Remember when Facebook was ugly? Truly ugly? Like the carpet of a dorm room after a weekend of Jell-O shots ugly? Then they started hiring designers, like Ben Barry, who in addition to serving as one of the company’s propaganda czars, helped guide the fledgling startup to the largely improved visual brand you know today.
In a post on his site, Barry outlines how, between 2012 and 2013, he led the shape-up of Facebook’s brand identity. It’s a problem that’s in no way exclusive to Facebook. All companies, big and small, have to consider how their brand evolves. A brand may be the face of a company, but most companies are in constant flux, offering new services and products all the time. In this regard, a visual brand has to both anchor the company’s identity and leave room for whatever comes next. Here are three lessons we gleaned from Barry’s post that might apply to your company:
1. Declare Your Center
Facebook had so many different sub products (like Messenger and Camera), that its brand had become fragmented, with designers creating bespoke icons for everything. This wasn’t just lousy aesthetics or organization, though. It was a waste of designers’ time, Barry says. Without cohesive brand guidelines, they were forced to create a new logo for every new project that came their way. Barry solved that problem by working with Jorn van Dijk and Brandon Walkin to create the Facebook favicon–that now-ubiquitous Facebook “f”–and outlawing all other icons. The “f” was designed to work in a multitude of contexts–like rounded iOS apps and squared Android apps. It was at home in any context.
2. Know Where To Draw The Line On Your Brand. But Allow Flexibility
Curiously, one of Barry’s big rules was that Facebook not use the “f” for every context. He specifically didn’t want it re-used and re-configured for every sub-brand of Facebook. Just imagine if, at the bottom of your Facebook page, you had that same F used for Facebook Messenger, and for Facebook Calendar, and for Facebook Photos–it’d be absurd.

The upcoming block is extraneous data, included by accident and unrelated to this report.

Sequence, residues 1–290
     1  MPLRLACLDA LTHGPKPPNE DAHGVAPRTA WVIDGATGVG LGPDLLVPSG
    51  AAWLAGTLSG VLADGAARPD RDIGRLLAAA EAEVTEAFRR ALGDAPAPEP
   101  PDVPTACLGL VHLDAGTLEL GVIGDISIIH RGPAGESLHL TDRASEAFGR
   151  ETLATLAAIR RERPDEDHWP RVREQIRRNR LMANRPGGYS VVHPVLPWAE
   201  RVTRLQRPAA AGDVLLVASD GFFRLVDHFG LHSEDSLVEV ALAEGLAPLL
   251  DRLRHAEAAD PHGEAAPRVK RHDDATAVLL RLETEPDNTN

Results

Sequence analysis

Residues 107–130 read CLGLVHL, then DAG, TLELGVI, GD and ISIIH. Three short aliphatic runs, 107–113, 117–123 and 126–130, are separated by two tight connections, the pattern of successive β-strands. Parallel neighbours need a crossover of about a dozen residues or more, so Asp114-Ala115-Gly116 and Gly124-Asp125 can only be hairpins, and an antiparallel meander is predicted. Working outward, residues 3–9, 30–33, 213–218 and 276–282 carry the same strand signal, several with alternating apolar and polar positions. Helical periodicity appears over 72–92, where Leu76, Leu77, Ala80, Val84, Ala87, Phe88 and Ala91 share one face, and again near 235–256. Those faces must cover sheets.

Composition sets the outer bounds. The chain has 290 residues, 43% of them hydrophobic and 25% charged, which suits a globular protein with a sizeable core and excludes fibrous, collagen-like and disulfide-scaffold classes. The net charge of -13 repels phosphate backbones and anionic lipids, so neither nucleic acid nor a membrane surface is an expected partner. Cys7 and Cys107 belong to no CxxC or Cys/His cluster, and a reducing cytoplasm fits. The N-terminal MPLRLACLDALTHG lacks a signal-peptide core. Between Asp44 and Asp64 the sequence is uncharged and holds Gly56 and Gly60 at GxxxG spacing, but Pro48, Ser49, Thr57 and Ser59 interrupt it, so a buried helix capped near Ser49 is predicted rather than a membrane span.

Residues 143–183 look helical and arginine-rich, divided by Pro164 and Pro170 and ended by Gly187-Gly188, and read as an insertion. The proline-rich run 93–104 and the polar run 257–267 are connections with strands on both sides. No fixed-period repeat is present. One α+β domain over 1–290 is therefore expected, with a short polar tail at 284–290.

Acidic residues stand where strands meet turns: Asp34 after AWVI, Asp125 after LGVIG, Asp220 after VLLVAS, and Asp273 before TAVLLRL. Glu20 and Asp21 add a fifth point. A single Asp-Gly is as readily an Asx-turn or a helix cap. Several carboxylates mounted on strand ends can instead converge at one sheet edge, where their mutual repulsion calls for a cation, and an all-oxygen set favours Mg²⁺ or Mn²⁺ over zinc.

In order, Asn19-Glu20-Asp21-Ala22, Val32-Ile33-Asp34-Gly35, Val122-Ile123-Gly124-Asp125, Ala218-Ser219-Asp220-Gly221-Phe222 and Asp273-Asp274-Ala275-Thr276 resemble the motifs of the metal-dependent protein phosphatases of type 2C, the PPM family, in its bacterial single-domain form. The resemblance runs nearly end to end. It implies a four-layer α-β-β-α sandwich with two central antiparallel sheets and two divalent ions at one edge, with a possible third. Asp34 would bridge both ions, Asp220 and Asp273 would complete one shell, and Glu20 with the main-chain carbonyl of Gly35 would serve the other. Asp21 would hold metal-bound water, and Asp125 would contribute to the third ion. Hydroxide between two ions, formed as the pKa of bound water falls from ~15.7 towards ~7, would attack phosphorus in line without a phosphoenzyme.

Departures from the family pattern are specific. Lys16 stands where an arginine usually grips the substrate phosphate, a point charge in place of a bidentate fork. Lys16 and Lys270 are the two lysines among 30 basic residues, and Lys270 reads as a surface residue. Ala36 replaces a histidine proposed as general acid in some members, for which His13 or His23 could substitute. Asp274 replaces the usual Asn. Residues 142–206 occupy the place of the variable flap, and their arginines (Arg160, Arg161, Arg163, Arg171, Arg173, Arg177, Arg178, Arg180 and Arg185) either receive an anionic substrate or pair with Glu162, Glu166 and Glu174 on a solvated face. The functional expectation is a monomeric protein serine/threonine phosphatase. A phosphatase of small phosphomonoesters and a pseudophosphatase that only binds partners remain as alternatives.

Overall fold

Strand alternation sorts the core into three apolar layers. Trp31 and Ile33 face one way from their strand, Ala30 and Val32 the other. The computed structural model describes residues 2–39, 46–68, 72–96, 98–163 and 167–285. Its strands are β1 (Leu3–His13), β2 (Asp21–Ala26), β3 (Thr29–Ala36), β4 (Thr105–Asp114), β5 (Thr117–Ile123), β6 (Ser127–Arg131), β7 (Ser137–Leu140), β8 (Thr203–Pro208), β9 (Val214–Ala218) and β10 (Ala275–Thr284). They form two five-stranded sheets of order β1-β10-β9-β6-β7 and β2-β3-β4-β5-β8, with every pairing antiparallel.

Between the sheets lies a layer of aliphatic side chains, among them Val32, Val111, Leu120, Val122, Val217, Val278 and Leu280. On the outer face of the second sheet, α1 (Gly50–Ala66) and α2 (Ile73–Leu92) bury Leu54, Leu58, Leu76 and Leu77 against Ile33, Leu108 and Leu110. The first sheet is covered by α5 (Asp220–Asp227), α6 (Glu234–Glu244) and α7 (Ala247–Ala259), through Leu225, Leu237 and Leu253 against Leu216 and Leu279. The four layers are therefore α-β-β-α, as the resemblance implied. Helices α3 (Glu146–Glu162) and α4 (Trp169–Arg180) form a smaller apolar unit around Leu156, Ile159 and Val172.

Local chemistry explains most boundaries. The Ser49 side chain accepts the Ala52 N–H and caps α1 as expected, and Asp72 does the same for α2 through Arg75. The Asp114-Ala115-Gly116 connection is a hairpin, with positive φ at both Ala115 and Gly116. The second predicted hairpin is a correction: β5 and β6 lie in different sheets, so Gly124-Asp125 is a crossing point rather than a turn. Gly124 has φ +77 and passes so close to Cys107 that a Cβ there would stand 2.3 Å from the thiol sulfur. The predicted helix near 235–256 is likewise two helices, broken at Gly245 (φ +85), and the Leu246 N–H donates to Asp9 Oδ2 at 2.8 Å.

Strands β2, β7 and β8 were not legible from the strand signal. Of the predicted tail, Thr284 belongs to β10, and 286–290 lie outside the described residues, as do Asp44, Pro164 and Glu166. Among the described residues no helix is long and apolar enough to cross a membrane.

So he not only created new icons for every sub-brand, he offered examples of every way the icons could be mixed and matched in different contexts. Truth be told, he offered a lot of options–more options than many brand standards might allow–what I dare say were too many, even. As Barry puts it, “instead of trying to be very restrictive, I wanted to try to accommodate the past while moving us towards consistency.”
3. Rally Big Makeovers Through Low-Price Examples
Facebook didn’t always see the logic of his branding work. But he highlighted one project that helped him get more corporate buy-in. As a personal project, he tweaked the Facebook Camera app’s Klavika typeface, making it thinner and, as he puts it, “more humanist.” Internally, this relatively small project was a big hit. It bought him the capital (both political, and monetary) to bring in the Klavika typeface’s original designer to build a new version for Facebook. This typeface now lives at the heart of Facebook’s brand, and it informed all of the aforementioned improvements that Barry brought to the company. But to get it, he first had to create his own little preview of what it could be.
Of course, much of what Barry did is really just best branding practices. But sometimes, these fixes are more easily said than done. In that sense, Barry’s work is an apt archetype for fixing a brand in a company that underestimates its brand’s importance.